Wednesday, 04 December 2013 00:00
First Presbyterian Church is a hub of activity in November as it holds its annual Victorian Fair and holiday luncheon, on Nov. 22 and 23, traditionally the start of the holidays in Oyster Bay.
On Tuesday, Nov. 19, as the hall was being set up for the Victorian Fair, we asked if the rummage sale would be in the basement again. Isa Gutierrez said, “Oh, no. It’s our Granny’s Attic sale, we don’t call it a Rummage Sale.”
True, the Episcopalians, across the street at Christ Church, call it a Rummage Sale, following their English tradition. The Presbyterians have Scottish roots, which was evident on the first Sunday of Advent, Dec. 1. “It is our St. Andrew’s Day Worship, it is close to the actual day, and in keeping with the church’s Scottish roots, people will wear tartan plaids. It’s done in many Presbyterian churches,” said the Rev. Jeffrey Prey.
Thursday, 05 December 2013 00:00
With grit, determination and all-out teamwork, the Friends Academy Boys Varsity Soccer team completed their quest for a third state soccer championship, defeating a tough Lansing High School, 1-0, in the New York Class C State Championships.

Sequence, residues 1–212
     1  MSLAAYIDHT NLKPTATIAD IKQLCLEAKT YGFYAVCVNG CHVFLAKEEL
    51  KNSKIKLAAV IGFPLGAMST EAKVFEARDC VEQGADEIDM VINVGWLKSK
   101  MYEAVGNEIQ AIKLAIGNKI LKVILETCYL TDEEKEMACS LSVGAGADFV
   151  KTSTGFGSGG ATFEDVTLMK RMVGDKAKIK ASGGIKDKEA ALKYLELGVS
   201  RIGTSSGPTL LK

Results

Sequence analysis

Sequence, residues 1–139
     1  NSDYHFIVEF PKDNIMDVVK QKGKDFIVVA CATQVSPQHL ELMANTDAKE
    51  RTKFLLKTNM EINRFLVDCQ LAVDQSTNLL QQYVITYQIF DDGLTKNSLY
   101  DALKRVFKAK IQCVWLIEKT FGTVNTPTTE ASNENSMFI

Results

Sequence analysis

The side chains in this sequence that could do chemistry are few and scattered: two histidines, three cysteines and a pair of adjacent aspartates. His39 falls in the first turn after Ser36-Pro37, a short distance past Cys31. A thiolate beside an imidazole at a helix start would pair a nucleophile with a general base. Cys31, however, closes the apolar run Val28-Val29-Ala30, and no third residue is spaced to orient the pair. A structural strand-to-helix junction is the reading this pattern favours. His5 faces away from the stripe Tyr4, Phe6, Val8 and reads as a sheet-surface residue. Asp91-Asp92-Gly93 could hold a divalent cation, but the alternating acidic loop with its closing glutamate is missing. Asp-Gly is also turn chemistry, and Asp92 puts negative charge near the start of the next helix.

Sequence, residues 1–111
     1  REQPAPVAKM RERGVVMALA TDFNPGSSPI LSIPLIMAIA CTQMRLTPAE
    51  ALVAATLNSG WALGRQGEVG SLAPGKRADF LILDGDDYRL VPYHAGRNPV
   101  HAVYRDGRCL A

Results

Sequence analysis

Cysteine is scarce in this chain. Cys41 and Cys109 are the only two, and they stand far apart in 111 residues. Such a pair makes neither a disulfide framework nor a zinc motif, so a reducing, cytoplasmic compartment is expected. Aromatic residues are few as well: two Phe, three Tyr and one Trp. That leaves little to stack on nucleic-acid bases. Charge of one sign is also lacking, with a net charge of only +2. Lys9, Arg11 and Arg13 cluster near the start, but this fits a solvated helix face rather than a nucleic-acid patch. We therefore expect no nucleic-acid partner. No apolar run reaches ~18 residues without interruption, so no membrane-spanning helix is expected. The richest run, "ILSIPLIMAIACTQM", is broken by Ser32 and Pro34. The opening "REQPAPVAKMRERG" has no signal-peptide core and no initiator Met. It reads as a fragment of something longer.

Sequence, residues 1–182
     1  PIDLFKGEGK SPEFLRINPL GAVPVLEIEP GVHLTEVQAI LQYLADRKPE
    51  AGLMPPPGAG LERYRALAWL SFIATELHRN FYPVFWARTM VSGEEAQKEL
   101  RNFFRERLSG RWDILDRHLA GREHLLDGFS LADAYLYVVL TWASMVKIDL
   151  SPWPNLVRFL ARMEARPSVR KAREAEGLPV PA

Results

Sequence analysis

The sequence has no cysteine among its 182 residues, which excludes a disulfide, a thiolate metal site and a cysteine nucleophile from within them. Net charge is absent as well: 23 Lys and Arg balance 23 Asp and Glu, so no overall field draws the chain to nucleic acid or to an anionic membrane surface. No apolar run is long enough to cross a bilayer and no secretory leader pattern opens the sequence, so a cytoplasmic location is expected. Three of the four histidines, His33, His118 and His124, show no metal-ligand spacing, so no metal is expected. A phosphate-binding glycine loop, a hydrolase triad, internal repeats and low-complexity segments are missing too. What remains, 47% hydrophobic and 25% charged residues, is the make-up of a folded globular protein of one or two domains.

Both teams kept the game at a tight 0-0, until 20 minutes into the second half, when a throw-in from senior Patrick Moodhe (Manhasset) connected with the head of senior Jon Nierenberg (Sands Point) for the game’s only goal.
Thursday, 28 November 2013 00:00
Nicole Giannetti entered her third cross country state meet in her career with one goal in mind: to place in the top 20 and earn an all-state medal. After finishing 38th in 2011 and 26th in 2010, the goal was definitely within her reach.
“She was ranked 25th according to one website, so we knew it was going to be close,” said Coach Kevin Cotter. “After looking at some of the times of her competitors, I told her she could potentially finish in the top 10. If she fell short, at least she would still remain in the top 20 and earn that elusive medal.”